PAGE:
Beijing Hutong

The word“hutong” originally came from  Mongolian language which means "water wells". Actually, hutongs are narrow alleys or lanes in Beijing which connect the traditional Chinese residential houses-Shiheyuan (compounds with houses around a courtyard). The typical hutongs are closely around the Forbidden City, mostly built during the Yuan (1206-1341), Ming (1368-1628) and Qing (1644-1908) Dynasties. Only the high-ranking officials and wealthy businessmen could afford the huge cost of the courtyards in the hutongs, many of the hutongs we see today still featuring its exquisite design. Hutongs are residential neighborhoods that formed the city center of old Beijing, and thus represent important cultural elements of Beijing as an ancient capital. 

Records saying, there used to be 900 hutongs in the city center and 300 in the outskirts in the Ming Dynasty. They were developed into 1,800 in the Qing Dynasty and a further 1,000 were formed in the early 20th century. When the People's Republic of China was founded in 1949, statistics showed there were 2550 hutongs. There has been both some demolition and rebuilding following China's urbanization process, and now about 4,000 hutongs remain in Beijing. 

Hutongs vary a great deal. The longest is Dongjiaominxiang, about 3 miles (4.8 km) and the shortest, Yichidaxie, is only 25.2 meters long. The widest, Lingjing, is 32.18 meters whilst the  narrowest, Xiaolabakou, (small pipe socket) is only 0.6 meter wide. Interestingly, Jiuwan (9-Corner) Hutong has the most corners, but actually, there are far more than 9 corners.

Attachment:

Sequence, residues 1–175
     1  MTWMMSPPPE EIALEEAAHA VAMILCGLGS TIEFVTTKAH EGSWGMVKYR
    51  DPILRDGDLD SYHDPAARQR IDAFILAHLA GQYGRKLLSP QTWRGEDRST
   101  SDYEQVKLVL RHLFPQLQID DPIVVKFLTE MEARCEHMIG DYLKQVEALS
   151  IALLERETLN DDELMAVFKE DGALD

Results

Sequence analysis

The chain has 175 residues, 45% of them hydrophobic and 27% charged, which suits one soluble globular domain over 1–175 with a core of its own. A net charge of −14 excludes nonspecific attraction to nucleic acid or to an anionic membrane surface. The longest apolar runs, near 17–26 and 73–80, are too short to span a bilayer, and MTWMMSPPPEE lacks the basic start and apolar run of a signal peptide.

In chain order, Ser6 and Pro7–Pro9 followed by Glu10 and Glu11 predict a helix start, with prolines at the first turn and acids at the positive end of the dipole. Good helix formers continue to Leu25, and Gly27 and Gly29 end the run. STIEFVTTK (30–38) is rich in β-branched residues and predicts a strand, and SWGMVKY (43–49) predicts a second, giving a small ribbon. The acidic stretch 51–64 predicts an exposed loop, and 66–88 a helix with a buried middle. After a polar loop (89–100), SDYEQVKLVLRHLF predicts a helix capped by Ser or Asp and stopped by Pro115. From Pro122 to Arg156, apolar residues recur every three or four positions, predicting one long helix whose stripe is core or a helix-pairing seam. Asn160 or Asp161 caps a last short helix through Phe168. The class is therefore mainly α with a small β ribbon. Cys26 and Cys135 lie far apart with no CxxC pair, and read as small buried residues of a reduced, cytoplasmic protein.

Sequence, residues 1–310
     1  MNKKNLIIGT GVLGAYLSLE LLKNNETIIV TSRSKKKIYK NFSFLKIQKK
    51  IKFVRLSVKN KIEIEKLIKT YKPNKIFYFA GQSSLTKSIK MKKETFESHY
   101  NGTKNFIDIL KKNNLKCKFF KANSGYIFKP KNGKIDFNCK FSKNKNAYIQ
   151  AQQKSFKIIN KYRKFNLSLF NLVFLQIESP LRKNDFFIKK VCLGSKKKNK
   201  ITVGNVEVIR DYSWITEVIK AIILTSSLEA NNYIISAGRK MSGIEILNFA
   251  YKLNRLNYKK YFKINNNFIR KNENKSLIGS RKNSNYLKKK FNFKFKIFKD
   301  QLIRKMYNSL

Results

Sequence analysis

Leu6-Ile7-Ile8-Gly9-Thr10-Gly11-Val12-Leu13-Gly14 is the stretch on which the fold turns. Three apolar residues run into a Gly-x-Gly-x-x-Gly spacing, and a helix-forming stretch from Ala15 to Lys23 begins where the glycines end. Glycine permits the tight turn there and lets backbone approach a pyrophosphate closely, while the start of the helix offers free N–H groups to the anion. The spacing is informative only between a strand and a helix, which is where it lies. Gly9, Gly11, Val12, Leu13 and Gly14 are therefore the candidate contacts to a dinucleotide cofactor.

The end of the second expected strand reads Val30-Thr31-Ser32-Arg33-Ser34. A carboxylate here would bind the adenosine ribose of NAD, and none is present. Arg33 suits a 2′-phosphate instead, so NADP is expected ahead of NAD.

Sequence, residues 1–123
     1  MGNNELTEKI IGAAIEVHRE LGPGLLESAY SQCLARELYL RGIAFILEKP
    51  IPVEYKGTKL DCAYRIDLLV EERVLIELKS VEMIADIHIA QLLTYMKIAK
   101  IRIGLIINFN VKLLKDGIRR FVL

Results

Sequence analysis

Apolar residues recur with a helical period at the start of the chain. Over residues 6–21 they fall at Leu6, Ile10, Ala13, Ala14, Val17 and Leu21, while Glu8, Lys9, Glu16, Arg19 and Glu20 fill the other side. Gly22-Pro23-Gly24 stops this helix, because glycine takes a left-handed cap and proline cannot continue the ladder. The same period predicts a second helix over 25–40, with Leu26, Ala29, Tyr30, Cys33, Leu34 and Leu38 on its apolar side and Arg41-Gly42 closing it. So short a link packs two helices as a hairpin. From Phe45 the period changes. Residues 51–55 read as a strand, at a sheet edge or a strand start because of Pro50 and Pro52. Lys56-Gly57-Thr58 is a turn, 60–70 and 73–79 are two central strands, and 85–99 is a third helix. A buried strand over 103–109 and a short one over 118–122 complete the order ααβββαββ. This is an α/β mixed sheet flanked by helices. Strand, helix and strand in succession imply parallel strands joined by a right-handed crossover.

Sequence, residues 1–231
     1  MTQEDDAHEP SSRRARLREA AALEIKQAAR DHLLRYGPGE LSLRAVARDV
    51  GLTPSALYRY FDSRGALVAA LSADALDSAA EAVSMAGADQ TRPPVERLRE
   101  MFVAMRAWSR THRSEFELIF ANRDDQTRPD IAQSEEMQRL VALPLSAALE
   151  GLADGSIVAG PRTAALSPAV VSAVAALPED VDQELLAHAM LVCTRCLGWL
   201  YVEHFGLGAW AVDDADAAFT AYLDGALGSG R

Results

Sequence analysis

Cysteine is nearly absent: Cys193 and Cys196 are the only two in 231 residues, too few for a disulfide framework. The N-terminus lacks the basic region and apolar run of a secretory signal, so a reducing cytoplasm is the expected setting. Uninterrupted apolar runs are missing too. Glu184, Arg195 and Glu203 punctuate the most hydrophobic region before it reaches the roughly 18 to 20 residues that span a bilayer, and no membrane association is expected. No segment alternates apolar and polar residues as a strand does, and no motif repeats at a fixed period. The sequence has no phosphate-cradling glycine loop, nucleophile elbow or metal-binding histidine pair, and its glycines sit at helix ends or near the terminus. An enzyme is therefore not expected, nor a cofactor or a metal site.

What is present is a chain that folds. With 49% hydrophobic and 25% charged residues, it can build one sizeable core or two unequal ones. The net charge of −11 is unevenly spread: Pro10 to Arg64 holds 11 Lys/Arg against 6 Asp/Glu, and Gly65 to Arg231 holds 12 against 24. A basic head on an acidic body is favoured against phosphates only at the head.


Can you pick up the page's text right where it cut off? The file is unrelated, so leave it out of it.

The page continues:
The main buildings in the hutongs were almost all quadrangles, a building compound formed by four houses on four sides around a quadrangular courtyard. The quadrangles varied in size and design according to the social status of the residents.

Every hutong has a name. The naming of hutongs can also reflect local customs. A hutong can be named according to symbols (e.g. Stone Tiger Hutong), names of places (e.g. Yindian Bridge Hutong), and names of trees (e.g. Willow Tree Hutong), directions and names of the residents, and so on.

Despite their long history, many of the hutongs were destroyed due to war and development. More recently, some hutongs have been replaced by modern highways and buildings. Fortunately, there are still many historical hutongs remained, they are like some cultural windows to introduce Beijing to foreign tourists. Travelling to the hutongs, you can experience the old part of Beijng in this fast developing morden city.